On May 30, 2021, Ken Thorson of Lacombe OMI issued a media release acknowledging discovery of the children's remains:[70]

On behalf of the Missionary Oblates of Mary Immaculate, I wish to express my heartfelt sadness and sincere regret for the deep pain and distress the discovery of the remains of children buried on the grounds of Kamloops Indian Residential School brings to the Tk’emlúps te Secwépemc First Nation, and other affected Indigenous communities, especially family members of the deceased. I appreciate the sensitive and respectful way in which this difficult work is being carried out. This heart‐breaking discovery brings the tragedy of the residential school system into the light once again and demands that we continue to confront its legacy.

The Missionary Oblates were administrators and teachers at the Kamloops Indian Residential School. Through our own ongoing reflection, and the work of the Truth and Reconciliation Commission, we are growing into a deepening awareness of the damage caused to Indigenous peoples, the enduring harm caused by colonization and the part our religious order played in it through the residential school system.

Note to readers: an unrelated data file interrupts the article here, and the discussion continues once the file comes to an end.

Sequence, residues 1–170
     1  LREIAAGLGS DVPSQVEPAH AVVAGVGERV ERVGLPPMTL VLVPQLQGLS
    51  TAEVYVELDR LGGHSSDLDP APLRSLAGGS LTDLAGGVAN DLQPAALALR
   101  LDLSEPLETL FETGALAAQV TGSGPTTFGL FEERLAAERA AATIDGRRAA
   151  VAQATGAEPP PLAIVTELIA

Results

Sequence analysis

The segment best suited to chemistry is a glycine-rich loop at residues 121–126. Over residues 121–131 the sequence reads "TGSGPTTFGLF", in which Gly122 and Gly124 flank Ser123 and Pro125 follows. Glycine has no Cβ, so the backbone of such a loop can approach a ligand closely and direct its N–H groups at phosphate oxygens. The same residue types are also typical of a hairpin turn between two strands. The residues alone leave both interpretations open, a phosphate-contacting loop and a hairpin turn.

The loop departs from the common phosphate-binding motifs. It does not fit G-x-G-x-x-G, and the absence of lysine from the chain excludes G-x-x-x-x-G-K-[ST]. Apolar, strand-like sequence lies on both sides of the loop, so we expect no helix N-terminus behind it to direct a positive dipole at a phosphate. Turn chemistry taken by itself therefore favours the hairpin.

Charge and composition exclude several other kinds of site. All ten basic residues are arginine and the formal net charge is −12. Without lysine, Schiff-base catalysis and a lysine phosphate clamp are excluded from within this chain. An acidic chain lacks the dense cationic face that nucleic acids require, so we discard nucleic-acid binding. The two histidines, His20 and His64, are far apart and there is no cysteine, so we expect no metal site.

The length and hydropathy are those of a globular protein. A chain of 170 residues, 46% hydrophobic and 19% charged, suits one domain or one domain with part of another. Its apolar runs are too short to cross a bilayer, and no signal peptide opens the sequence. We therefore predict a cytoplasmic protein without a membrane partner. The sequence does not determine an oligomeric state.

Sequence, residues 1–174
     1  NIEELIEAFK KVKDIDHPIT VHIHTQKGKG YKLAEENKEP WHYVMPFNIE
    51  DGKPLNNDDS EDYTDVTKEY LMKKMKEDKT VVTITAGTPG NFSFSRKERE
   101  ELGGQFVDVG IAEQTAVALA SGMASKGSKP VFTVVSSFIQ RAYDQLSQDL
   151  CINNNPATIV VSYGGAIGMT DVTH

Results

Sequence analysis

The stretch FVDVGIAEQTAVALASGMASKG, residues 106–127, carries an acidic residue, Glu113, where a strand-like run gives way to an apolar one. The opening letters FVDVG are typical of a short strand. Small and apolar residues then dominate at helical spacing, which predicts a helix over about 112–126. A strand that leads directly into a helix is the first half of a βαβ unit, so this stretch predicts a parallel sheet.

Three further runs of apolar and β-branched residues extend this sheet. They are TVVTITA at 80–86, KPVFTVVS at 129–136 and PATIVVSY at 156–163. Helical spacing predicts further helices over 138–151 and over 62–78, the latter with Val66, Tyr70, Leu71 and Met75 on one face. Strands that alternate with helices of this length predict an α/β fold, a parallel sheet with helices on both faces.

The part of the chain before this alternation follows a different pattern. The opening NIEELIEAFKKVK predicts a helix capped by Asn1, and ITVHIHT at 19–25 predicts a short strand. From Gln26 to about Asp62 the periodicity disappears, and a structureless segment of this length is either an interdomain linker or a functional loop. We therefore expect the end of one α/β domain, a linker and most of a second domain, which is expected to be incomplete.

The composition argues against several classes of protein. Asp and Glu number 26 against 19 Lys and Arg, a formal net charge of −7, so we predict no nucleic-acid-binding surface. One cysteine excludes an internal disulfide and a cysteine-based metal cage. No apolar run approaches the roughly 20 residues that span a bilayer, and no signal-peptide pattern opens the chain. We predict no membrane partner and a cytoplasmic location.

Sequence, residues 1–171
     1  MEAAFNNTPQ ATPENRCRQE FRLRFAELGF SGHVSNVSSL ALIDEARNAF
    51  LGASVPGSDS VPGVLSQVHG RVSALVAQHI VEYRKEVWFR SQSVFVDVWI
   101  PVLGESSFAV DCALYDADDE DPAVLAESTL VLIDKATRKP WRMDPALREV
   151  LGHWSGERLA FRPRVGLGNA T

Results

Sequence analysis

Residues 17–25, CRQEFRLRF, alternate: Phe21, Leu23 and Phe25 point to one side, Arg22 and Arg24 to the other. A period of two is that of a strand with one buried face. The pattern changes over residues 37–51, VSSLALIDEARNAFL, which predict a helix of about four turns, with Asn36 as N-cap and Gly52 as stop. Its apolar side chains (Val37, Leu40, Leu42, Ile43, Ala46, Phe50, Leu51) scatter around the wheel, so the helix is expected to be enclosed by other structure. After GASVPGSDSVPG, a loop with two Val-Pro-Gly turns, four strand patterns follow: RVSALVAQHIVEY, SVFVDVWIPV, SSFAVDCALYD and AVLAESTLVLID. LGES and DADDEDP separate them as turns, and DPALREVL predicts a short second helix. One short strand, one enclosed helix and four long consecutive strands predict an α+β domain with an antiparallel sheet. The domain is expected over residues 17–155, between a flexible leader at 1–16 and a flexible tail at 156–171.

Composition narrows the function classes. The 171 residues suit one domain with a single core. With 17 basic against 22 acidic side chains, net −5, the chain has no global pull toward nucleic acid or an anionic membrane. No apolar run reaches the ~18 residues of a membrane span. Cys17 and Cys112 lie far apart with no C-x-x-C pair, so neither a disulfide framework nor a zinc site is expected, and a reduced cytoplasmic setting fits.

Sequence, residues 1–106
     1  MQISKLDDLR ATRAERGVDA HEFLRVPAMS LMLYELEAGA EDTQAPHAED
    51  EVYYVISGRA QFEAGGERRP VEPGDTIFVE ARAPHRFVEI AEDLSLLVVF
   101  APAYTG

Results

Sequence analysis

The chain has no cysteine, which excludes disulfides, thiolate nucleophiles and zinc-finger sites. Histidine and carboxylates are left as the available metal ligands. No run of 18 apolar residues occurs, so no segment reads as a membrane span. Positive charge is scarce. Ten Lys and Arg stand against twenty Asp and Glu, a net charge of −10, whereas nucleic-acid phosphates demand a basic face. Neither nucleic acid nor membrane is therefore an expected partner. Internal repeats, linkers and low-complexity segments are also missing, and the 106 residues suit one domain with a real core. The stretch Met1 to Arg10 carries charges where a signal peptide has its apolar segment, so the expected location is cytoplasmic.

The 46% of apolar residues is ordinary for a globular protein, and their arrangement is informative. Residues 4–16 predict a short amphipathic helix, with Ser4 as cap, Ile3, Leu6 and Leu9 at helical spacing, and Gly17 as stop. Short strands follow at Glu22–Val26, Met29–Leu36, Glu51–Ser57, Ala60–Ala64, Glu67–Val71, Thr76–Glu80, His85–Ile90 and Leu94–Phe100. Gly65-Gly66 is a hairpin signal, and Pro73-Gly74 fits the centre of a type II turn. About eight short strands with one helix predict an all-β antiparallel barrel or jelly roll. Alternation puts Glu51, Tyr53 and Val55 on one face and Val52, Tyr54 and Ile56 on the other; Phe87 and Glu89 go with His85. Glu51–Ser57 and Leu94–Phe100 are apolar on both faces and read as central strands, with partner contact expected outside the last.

This growing awareness leads us to an increased desire to listen deeply and learn from Indigenous communities where Oblates continue to live and minister. The Oblates remain committed to humbly participating in ongoing efforts towards reconciliation and healing for our role in this painful part of our shared history.[70]

— Father Ken Thorson, Provincial, OMI Lacombe Canada

On May 31, 2021, The University of British Columbia indicated that it would review the honorary degree it had granted to Oblate John Fergus O'Grady (1908-1998), Bishop of Prince George, in 1986. O'Grady had been Principal of St. Mary's Indian Residential School in Mission, BC from 1936 to 1939, Kamloops Indian Residential School from 1938 to 1952, and Cariboo Indian Residential School, Williams Lake, BC in 1952.[71]

Records of the deadEdit